Primary medical care for children with autism needs improvement

Armen Hareyan's picture
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Autism and Children

Children with autism do not receive the same quality of primary care as children with other special health care needs, according to research from the University of Minnesota Medical School.

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A study published in the Archives of Pediatrics and Adolescent Medicine found that parents of children with autism were less likely to report that their children received the type of primary care advocated by the American Academy of Pediatrics (AAP) when compared to parents of children with other special health care needs. The "medical home model," which is defined by the AAP as accessible, continuous, comprehensive, family-centered, compassionate, culturally effective, and coordinated with specialized services was used as a measure for ideal primary care of children.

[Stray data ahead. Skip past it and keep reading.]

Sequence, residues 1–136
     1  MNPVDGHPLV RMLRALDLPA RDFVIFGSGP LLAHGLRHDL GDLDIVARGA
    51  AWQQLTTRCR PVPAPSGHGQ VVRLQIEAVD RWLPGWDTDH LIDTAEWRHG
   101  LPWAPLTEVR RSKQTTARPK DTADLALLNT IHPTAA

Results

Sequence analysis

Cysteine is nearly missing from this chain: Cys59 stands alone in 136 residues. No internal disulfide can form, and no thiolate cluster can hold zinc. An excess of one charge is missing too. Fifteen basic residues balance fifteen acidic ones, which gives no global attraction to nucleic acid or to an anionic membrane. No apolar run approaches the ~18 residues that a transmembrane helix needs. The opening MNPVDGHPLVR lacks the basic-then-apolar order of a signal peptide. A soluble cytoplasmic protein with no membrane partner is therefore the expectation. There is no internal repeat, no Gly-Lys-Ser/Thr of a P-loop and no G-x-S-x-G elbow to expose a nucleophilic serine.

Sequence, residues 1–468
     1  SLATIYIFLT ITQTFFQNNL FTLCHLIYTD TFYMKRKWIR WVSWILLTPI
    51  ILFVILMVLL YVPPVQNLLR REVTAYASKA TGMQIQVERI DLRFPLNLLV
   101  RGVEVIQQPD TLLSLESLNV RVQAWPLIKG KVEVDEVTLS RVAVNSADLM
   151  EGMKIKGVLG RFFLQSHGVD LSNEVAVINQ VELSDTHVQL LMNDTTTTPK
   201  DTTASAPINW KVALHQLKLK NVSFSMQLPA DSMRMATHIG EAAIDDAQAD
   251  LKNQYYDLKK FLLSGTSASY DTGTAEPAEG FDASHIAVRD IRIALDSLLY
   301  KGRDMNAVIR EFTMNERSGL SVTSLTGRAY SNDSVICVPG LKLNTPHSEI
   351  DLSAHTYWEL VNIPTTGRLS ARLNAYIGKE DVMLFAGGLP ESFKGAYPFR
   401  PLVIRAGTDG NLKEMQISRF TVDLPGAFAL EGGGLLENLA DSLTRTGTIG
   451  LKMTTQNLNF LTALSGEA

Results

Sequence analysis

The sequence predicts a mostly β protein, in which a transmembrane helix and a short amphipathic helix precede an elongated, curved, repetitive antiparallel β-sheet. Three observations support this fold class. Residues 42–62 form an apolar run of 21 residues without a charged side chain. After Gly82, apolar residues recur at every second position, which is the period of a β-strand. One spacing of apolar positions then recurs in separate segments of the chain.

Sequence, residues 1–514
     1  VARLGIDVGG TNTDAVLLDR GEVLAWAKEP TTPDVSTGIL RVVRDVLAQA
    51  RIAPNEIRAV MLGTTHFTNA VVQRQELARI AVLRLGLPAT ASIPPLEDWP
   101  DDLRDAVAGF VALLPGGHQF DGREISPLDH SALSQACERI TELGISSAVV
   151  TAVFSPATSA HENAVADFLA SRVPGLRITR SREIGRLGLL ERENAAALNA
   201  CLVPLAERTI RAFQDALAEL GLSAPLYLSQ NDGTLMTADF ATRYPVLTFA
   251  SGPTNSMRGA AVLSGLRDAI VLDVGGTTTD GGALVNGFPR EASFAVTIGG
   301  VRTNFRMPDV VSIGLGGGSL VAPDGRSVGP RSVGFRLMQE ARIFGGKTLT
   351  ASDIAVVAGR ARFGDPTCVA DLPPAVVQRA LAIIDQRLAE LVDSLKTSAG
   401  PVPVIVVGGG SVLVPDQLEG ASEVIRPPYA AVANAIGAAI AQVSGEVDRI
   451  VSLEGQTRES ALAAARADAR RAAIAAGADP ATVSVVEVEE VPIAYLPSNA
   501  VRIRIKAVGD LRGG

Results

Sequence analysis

"This study shows that children with autism are less likely to receive the type of primary medical care that we hope for all children," says principal investigator Allison Brachlow, M.D., research fellow at the Department of Pediatrics. "With increasing numbers of children diagnosed with autism, it is imperative to understand how to provide optimal care for these children."

Specifically, Brachlow found that parents of children with autism were less likely to report their child

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